# Line, Circle, and Fixed Points

The applet below illustrates Problem 3 from the 2007 Irish Mathematical Olympiad:

The point P is a fixed point on a circle and Q is a fixed point on a line. The point R is a variable point on the circle such that P, Q and R are not collinear. The circle through P, Q and R meets the line again at V. Show that the line VR passes through a fixed point.

The applet actually illustrates a slightly different problem. Points R and V are interchangeable in the sense that one uniquely determines the other. As it was more convenient to keep V on a given line than P on a given circle, I followed an equivalent formulation of the problem:

The point P is a fixed point on a circle and Q is a fixed point on a line. The point V (different from Q) is a variable point on the line. The circle through P, Q and V meets the given circle again at R. Show that the line VR passes through a fixed point.

What if applet does not run? |

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Copyright © 1996-2018 Alexander BogomolnyWe want to establish the following assertion:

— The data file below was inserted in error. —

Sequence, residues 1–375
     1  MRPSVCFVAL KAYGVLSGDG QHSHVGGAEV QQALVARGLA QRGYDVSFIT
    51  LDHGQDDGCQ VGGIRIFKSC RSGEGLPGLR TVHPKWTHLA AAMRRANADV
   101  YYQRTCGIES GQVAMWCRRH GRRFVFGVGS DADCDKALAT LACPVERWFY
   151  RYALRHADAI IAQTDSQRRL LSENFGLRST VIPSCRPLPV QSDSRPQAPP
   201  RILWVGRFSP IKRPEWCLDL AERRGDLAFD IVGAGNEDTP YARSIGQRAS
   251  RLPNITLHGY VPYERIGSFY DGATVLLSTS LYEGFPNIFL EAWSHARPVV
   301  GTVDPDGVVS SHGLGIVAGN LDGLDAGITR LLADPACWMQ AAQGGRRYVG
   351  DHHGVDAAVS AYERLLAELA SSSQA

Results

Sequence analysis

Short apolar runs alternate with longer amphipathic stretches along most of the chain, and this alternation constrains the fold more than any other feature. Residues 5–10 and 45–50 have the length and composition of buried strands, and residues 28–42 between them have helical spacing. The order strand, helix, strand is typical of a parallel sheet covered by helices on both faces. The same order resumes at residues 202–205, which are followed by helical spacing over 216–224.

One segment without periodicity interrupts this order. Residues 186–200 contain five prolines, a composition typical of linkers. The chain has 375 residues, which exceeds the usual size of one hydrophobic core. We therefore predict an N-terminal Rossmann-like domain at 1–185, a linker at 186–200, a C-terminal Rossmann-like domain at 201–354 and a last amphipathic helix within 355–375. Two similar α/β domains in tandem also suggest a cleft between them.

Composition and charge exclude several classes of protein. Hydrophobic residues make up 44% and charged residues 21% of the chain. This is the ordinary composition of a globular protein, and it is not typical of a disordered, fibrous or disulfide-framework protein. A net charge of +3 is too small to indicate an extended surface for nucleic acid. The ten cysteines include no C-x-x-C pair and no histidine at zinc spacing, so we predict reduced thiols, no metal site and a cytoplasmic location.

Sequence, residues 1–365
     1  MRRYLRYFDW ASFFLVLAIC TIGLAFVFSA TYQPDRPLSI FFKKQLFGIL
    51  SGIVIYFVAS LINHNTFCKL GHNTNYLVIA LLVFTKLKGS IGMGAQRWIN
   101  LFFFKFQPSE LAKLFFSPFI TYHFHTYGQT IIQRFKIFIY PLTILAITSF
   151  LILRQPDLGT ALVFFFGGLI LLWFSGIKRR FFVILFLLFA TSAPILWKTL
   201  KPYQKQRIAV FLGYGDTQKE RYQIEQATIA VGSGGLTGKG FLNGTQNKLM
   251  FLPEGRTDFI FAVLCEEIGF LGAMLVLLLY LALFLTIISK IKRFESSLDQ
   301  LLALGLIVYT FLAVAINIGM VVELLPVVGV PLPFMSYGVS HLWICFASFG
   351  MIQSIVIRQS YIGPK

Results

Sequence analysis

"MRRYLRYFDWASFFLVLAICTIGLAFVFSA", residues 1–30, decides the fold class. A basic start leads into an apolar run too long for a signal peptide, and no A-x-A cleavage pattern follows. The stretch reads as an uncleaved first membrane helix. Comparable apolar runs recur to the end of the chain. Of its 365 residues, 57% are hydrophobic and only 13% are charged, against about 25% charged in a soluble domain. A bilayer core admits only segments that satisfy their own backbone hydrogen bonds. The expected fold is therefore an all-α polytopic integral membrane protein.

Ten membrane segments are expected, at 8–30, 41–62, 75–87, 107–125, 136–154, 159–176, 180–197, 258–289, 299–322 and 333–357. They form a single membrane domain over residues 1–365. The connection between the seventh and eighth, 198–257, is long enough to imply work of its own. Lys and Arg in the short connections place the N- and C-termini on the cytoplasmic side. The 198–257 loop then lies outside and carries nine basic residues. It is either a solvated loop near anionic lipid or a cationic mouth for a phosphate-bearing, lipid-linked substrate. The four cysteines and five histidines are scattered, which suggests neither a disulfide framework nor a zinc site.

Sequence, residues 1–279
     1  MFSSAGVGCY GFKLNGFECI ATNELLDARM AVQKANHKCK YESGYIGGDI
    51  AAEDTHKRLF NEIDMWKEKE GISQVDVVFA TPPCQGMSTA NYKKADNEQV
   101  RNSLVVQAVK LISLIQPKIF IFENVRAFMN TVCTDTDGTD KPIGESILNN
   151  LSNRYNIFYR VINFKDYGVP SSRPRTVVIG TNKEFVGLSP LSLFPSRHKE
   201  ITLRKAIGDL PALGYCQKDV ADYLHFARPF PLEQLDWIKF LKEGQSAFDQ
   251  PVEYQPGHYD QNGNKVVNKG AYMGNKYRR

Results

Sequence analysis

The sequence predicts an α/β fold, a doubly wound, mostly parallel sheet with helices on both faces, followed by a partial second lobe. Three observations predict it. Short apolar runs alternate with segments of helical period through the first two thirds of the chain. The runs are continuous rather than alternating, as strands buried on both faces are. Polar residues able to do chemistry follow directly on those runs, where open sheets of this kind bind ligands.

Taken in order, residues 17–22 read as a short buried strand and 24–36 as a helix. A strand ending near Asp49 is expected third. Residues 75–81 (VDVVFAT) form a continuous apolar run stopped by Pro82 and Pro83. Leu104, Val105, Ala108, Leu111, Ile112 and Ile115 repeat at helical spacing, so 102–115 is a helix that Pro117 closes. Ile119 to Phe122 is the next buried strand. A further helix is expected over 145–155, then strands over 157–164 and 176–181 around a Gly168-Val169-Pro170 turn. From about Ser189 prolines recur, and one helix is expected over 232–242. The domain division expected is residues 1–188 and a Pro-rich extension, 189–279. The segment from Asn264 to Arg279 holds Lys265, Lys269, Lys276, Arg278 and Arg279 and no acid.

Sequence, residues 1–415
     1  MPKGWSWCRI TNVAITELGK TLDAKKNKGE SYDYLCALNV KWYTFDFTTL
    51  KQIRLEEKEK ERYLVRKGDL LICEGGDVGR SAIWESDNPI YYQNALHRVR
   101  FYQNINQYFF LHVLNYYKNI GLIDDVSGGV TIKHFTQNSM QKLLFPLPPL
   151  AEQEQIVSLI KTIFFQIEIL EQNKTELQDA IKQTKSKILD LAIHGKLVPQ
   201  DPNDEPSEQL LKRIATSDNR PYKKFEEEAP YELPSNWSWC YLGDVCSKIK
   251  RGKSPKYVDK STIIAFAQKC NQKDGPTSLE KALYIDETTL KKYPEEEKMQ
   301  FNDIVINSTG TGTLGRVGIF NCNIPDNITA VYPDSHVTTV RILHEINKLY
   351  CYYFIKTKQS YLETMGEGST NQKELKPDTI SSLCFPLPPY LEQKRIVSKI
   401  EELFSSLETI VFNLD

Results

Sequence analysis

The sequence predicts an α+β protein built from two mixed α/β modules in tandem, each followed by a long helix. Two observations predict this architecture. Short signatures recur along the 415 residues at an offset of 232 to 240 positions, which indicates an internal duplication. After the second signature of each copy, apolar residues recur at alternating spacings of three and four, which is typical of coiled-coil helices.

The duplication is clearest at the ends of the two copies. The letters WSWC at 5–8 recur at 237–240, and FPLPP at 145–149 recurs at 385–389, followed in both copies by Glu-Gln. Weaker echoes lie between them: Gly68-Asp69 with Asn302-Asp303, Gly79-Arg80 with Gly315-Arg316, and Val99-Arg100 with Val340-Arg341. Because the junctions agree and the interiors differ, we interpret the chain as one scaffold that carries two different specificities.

The point P is a fixed point on a circle and Q is a fixed point on a line. The point V (different from Q) is a variable point on the line. The circle through P, Q and V meets the given circle again at R. Show that the line VR passes through a fixed point.

What if applet does not run? |

### Proof

Let's pick and fix one position of point V, say V', and consider three circles that circumscribe triangles PQV, PQV', and the given circle C(O). The three circles concur in P.

Three concurrent circles have several engaging properties, one of which plays a central role in the proof.

Given three circles concurrent in P. Let T be the point of intersection of the pair C(O) and C(PQV'). Then any chain of line segments VS (through R), SV' (through T), V'V (through Q) is closed.

(In the applet I actually picked V' at the intersection of SP with the given lines, making T = P and two circles C(O) and C(PQV') tangent - which in itself is not at all important.)

By the construction, V and V' are collinear with Q. By the above statement VR and V'P meet in point S on C(O). Since P and V' are fixed as is the given circle C(O), the point of intersection of PV' with C(O) is also fixed and does not depend on the position of V on line QV'!

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